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Today, we finished the second week of an interpersonal communications course. The students in the course are first term college students, a few fresh out of high school. As is my common practice, I end my week of instruction with reflective questions for the students: What was your significant learning this past week? What principles for everyday life can you extract from our class activities?
My approach to staff development (and teaching) borrows from the thinking of Donald Finkel who believed that teaching should be thought of as “providing experience, provoking reflection.” He goes on to write, … to reflectively experience is to make connections within the details of the work of the problem, to see it through the lens of abstraction or theory, to generate one’s own questions about it, to take more active and conscious control over understanding. ~ From Teaching With Your Mouth Shut Over the last few years I’ve led many teachers and administrators on classroom walkthroughs designed to foster a collegial conversation about teaching and learning.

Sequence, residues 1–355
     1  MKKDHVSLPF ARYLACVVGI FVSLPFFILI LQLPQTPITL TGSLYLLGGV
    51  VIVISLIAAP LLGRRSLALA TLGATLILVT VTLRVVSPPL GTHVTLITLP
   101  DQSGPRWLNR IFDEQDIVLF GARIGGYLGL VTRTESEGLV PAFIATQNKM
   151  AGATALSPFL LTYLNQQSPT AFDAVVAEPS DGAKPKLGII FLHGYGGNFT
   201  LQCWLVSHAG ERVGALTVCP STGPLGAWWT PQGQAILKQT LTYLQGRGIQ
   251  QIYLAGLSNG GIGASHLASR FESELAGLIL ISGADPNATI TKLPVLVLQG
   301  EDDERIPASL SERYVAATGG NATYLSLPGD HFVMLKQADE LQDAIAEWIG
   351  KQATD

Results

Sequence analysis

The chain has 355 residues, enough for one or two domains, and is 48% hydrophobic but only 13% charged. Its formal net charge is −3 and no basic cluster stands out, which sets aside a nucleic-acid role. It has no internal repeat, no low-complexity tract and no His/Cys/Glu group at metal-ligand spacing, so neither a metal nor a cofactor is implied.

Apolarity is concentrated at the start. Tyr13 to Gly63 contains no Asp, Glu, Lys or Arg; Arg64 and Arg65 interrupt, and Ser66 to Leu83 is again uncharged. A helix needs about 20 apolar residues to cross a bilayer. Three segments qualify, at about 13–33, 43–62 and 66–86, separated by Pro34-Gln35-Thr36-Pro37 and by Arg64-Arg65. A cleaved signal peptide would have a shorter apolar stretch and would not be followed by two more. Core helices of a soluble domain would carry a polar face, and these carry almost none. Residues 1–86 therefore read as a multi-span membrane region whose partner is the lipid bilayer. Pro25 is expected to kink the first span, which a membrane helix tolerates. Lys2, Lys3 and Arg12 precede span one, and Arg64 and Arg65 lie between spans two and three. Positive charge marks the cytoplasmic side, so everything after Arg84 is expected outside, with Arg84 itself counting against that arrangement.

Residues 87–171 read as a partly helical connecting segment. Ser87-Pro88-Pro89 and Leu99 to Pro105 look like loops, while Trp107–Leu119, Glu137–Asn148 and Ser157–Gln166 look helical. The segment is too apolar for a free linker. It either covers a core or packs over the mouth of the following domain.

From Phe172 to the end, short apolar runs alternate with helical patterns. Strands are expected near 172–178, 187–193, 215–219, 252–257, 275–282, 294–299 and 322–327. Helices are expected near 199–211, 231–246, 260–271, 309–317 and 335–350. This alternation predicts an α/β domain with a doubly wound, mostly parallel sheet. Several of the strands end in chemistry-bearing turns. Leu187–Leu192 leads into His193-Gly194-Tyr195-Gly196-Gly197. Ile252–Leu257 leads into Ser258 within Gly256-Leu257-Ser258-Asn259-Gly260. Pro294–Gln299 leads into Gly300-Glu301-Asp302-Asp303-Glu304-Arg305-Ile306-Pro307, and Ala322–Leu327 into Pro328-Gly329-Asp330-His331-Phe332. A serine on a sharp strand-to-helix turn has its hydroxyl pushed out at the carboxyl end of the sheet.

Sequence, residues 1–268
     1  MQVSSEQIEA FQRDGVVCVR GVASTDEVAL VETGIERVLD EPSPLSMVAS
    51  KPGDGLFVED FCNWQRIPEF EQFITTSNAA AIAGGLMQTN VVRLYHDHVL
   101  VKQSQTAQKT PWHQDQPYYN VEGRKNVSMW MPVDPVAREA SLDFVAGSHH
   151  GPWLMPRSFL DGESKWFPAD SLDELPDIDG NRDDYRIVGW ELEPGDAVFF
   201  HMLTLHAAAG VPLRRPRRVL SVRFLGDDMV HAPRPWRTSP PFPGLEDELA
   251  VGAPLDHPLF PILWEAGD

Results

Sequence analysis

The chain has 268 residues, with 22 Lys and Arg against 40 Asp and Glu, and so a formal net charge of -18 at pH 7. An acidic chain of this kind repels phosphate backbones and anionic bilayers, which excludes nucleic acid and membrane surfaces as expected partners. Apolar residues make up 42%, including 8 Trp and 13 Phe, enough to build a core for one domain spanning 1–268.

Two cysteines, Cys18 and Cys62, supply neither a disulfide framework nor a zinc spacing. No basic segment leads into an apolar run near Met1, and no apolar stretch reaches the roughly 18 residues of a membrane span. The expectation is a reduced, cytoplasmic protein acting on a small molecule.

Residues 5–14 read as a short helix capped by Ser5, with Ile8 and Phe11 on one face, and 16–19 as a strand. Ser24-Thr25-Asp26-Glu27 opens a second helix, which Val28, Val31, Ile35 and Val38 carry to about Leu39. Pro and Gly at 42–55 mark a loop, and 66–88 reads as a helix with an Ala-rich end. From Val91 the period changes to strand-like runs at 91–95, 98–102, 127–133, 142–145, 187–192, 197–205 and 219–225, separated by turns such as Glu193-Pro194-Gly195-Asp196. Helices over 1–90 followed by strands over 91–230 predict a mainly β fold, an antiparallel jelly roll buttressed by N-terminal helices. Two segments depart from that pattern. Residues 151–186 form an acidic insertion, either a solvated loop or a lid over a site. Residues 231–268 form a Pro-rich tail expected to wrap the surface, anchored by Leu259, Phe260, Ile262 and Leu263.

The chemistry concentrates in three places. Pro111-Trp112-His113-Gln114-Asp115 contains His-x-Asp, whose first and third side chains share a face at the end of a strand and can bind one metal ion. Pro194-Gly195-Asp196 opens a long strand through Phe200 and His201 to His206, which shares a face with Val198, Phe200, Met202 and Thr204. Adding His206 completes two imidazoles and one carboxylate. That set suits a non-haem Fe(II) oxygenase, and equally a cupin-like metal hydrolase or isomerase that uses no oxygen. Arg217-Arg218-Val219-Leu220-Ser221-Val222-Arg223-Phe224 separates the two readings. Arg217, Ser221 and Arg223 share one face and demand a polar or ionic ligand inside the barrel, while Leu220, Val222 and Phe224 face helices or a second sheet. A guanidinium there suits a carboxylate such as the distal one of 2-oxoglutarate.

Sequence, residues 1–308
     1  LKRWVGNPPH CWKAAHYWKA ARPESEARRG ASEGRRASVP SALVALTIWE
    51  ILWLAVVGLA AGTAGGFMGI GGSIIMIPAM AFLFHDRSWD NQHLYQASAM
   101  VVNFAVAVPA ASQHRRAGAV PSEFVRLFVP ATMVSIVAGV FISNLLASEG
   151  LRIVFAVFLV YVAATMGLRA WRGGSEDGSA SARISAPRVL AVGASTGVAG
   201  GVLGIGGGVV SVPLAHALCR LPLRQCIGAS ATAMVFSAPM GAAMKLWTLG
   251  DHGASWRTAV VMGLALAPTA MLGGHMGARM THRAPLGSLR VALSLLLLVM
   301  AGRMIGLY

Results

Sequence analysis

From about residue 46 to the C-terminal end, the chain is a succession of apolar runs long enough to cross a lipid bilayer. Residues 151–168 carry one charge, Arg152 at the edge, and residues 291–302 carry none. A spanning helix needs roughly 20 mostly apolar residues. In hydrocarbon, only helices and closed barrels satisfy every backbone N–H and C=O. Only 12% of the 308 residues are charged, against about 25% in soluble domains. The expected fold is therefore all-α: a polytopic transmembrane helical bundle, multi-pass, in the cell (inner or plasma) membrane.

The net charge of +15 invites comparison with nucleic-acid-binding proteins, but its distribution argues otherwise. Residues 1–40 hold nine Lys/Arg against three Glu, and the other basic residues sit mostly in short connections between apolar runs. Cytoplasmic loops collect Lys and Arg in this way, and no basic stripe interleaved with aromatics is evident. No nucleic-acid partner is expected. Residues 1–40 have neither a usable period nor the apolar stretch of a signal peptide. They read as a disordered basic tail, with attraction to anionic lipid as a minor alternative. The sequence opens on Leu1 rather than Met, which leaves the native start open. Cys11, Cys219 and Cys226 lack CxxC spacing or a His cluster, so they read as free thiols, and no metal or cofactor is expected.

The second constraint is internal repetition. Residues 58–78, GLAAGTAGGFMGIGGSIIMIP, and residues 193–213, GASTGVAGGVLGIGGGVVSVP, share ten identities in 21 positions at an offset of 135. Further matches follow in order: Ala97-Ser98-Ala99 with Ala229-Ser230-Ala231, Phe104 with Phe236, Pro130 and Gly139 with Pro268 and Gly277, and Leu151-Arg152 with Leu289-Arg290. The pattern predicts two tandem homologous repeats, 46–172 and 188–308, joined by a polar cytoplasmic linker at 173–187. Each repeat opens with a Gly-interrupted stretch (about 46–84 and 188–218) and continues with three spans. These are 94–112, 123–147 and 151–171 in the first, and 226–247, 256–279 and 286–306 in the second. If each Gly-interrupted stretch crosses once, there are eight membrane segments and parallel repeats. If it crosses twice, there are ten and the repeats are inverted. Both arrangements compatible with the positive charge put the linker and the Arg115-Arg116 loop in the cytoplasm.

reflective student Reflection can be a challenging endeavor. It's not something that's fostered in school - typically someone else tells you how you're doing! At best, students can narrate what they did, but have trouble thinking abstractly about their learning - patterns, connections and progress. In an effort to help schools become more reflective learning environments, I've developed this "Taxonomy of Reflection" - modeled on Bloom's approach.
reflective teacher Reflection can be a challenging endeavor. It's not something that's fostered in school - typically someone else tells you how you're doing! Teachers are often so caught up in the meeting the demands of the day, that they rarely have the luxury to muse on how things went. Moreover, teaching can be an isolating profession - one that dictates "custodial" time with students over "collaborative" time with peers.